I knelt down on the kitchen floor and cradled Nate in my lap, pinning his arms to his side while Tighe squeezed his cheeks together and jammed the dropper in between his lips.
“Done!” Tighe shouted triumphantly.
Nope. Nate hadn’t swallowed yet. He spit out the red medicine-saliva cocktail all over both of his parents, somehow missing himself. What an ass.
I laughed. Tighe was innocent and determined. He still thought we had a chance.
“We’re doing it again!” he announced.
“Wait! Give me five minutes!” Nate pleaded.
So he can regain some strength? Bad idea, I thought.
But Tighe consented. He set the timer on his phone for five minutes.
Dinner was getting cold. Sam was getting hungrier.
For five minutes we sat on the floor in the kitchen while Tighe lectured us all on the benefits of modern medicine. He sounded like a lobbyist for the pharmaceutical industry.
When the timer beeped, I grabbed Nate and restrained him again. This time, he clenched his jaw, like a pitbull, squeezing his teeth together to the point that we couldn’t even get the dropper past them. He’s learning. Evolving. You win, Charles Darwin.
Tighe shifted his grip to Nate’s chin, trying to pry the bottom teeth apart.
Again, medicine everywhere. For those of you keeping score at home, the bottle is how half empty. Or half full. But I think half empty is the better description.
“Again!” Tighe shouted.
“Wait! Wait, wait, wait, Dad. I have an idea, I have an idea!”
“Great. What’s your idea, Nate?” Tighe was still hopeful.
“Just give me five minutes.”
“But what’s your idea?”
I glanced around, suddenly remembering that we had a second child. “Sam?”
Sam was standing on a chair at the table, using tongs to load food on and off everyone’s plates. It was Polish night: kielbasa, pierogi, and asparagus. I watched as he tried to cut the meat on Tighe’s plate with the dull side of a steak knife. And by “watched,” I mean that I took video on my phone. He was just so focused!
Meanwhile, Tighe and Nate were still in the kitchen, negotiating the five-minute delay and searching for this very elusive “idea.” And yes, you can hear these negotiations in the video of Sam experimenting with utensils.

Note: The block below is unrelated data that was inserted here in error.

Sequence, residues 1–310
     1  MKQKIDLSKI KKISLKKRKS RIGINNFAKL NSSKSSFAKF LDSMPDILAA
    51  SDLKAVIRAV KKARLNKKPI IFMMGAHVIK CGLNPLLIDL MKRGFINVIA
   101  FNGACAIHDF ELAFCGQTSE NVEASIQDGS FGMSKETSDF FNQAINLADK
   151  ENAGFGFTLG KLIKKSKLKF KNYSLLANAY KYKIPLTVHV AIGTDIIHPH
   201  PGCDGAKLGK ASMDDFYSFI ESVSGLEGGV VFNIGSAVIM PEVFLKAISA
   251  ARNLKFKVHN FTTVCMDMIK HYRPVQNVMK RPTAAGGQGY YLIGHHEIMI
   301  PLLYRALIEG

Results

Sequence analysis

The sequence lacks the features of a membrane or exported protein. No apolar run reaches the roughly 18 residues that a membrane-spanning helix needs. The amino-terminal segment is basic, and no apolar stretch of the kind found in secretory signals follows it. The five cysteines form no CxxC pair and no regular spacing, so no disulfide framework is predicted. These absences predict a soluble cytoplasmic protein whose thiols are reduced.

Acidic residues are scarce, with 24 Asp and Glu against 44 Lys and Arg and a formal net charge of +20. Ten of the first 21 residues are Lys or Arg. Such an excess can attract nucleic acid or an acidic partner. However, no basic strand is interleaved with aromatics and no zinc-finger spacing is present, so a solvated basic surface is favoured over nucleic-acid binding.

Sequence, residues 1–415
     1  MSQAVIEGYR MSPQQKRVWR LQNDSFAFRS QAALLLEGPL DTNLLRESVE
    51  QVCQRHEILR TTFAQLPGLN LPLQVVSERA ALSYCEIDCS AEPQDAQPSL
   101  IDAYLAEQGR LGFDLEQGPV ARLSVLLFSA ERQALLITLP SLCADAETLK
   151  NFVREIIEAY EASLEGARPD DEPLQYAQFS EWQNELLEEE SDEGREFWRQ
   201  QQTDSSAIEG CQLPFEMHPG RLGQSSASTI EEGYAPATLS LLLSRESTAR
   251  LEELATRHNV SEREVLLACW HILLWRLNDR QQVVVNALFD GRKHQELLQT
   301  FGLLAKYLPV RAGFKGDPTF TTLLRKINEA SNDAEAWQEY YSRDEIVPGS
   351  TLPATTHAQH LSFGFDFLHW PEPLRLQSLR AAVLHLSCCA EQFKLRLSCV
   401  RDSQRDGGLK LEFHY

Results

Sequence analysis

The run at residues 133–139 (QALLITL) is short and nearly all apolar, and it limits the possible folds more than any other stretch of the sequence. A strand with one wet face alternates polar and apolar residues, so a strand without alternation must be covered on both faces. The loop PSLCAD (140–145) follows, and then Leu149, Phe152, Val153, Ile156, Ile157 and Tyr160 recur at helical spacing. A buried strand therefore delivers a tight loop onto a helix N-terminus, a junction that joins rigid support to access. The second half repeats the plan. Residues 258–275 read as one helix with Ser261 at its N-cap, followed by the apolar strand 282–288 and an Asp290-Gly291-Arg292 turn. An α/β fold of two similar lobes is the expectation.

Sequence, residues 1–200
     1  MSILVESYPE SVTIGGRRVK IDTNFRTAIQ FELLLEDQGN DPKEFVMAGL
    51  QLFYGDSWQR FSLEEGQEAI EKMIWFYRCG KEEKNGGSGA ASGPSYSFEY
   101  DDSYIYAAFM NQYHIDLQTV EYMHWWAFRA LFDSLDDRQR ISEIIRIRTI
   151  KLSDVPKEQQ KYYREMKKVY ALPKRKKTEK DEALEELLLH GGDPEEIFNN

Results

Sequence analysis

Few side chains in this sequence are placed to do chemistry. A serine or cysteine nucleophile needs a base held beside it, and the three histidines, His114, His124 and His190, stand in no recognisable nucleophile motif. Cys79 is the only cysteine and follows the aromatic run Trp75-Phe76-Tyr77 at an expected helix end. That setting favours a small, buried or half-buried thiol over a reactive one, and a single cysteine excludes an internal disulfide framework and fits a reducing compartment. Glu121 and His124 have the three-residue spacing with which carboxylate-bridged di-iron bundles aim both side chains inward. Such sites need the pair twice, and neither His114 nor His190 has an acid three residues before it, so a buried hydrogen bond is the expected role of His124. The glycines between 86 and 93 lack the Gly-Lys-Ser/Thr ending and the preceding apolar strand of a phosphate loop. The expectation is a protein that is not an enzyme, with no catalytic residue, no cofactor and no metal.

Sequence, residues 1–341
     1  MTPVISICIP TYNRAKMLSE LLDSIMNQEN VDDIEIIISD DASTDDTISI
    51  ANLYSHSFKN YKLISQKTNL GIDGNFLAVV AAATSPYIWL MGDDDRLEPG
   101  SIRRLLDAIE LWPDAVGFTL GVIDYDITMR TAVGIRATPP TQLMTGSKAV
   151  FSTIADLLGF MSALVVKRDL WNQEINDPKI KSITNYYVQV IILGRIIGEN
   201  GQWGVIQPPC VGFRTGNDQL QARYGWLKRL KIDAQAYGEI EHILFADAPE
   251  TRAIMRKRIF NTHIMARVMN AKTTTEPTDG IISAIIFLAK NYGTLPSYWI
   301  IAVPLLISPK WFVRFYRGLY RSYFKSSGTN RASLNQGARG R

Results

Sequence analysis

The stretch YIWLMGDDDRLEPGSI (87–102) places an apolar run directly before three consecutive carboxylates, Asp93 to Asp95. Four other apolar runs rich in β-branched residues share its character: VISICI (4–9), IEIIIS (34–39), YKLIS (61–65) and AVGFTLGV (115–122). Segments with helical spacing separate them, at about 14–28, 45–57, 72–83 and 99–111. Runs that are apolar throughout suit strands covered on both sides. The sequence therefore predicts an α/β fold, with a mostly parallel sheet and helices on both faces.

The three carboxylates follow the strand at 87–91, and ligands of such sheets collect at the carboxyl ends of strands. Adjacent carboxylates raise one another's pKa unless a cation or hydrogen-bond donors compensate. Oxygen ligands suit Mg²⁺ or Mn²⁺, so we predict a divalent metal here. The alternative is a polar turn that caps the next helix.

“Ok, he’s stalling,” I whispered, setting my phone down. “Let’s just do this.”
We went through the routine three more times. Three. more. times. We were like actors with scripted marks and lines. We rehearsed until the kitchen floor was sticky, our clothes were stained pink, and the bottle sat empty on the counter.
And one of the attempts, perhaps the fourth or fifth, Nate actually asked to administer the medicine himself. And Tighe permitted it.
He gripped the dropper, quickly examining it’s plastic essence and grasping how it functioned, and promptly shot the medicine away from his mouth and across the kitchen floor.
“Are you serious?!” All four of us said that in unison, each to a different person.
Tighe to Nate, incredulous that he had just wasted yet another dose. Nate to Tighe, unbelieving that he had actually handed over the liquid gold. Me to myself, realizing that I was going to have to mop the kitchen floor after this escapade. And Sam to me, angry that I hadn’t put any chicken nuggets out on the table.
We were all physically exhausted. After the final attempt, all three of us were cast apart as though an explosion had flung us to opposite sides of the kitchen, where we rested limply, collapsed against the cabinets.
Tighe was exasperated.
Nate was drained. But smirking.
I was laughing. How did this happen? We just wasted an entire prescription, unless you count the one-sixth that still floated in the cup of Gatorade.
From the dining room, Sam asked for ketchup.
“Ok, let’s just eat. Please?” I was hungry at this point, needed to refuel.
Dinner was silent, aside from Sam’s factual narrations and Nate’s sudden good mood. I think he was showing off his victory. Tighe and I brooded. Shut up, Nate.